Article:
Professor Martin Griffin

Martin Griffin

View graph of relations

General

Professor Martin Griffin is the Pro-Vice-Chancellor for Research.

For over thirty years, Professor Griffin's major research area has been geared towards understanding the biochemistry, molecular biology and physiology of a group of enzymes referred to as transglutaminases.  This group of enzymes is commonly referred to as “protein biological glues” since it can crosslink proteins into stable, high molecular weight structures such as those found in skin, in fibrin cross linking during blood coagulation and in hair. 

Focus has been mostly on the tissue transglutaminase (TG2), and in particular, the importance of this enzyme in cell death, matrix deposition and cell adhesion and the relationship of these functions to wound healing, tissue fibrosis and scarring, tumour progression and cystic fibrosis.

Recent work has also been concerned with the use of transglutaminases in the bioengineering of natural polymers for the development of novel biomaterials used in soft (eg: diabetic ulcers and pressure sores) and hard (eg: bone) tissue repair.

Research interests

For over thirty years, Professor Griffin's major research area has been geared towards understanding the biochemistry, molecular biology and physiology of a group of enzymes referred to as transglutaminases.  This group of enzymes is commonly referred to as “protein biological glues” since it can crosslink proteins into stable, high molecular weight structures such as those found in skin, in fibrin cross linking during blood coagulation and in hair.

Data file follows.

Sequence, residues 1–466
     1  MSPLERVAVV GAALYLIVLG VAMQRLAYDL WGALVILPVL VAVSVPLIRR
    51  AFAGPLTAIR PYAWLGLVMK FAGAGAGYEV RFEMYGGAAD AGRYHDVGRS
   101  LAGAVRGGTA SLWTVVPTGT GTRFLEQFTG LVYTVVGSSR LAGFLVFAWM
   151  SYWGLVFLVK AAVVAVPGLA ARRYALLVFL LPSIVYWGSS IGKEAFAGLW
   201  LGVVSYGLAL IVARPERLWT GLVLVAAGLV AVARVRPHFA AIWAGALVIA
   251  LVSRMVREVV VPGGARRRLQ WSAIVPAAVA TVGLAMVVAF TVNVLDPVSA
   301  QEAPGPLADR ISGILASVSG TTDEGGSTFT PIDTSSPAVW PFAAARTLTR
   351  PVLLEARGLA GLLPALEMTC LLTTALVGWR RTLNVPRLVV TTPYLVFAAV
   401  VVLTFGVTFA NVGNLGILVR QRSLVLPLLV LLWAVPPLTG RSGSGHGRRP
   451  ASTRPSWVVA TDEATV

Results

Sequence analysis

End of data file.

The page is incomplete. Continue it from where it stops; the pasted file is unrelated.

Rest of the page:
Focus has been mostly on the tissue transglutaminase (TG2), and in particular, the importance of this enzyme in cell death, matrix deposition and cell adhesion and the relationship of these functions to wound healing, tissue fibrosis and scarring, tumour progression and cystic fibrosis.
Recent work has also been concerned with the use of transglutaminases in the bioengineering of natural polymers for the development of novel biomaterials used in soft (eg: diabetic ulcers and pressure sores) and hard (eg: bone) tissue repair.

Membership of Professional Bodies

  • Panel Member for REF 2014 Unit of Assessment 3
  • President of the European Association for Higher Education in Biotechnology
  • Fellow of the Institute of Biology
  • Evaluator for the National Research Foundation of South Africa
  • EPSRC Peer Review College Member
  • Previous Panel Member of RAE 2008

Qualifications

BSc Applied Biology 1st Class Hons, University of Salford 1970 (4 year sandwich course).

PhD Microbial Biochemistry University College of Wales, Aberystwyth 1974.

Make PhD enquiry

Make PhD enquiry

Life & Health Sciences

Organisational unit: School

  1. Transglutaminases in Human Disease Processes

    Activity: Participating in or organising an eventParticipation in conference

  2. EMBO Conference on Cellular Signaling & Molecular Medicine

    Activity: Participating in or organising an eventParticipation in conference

  3. REF 2014 (Event)

    Activity: Publication peer-review and editorial workPublication peer-review

View all (3) »

Top downloads

Employable Graduates; Exploitable Research

Copy the text from this field...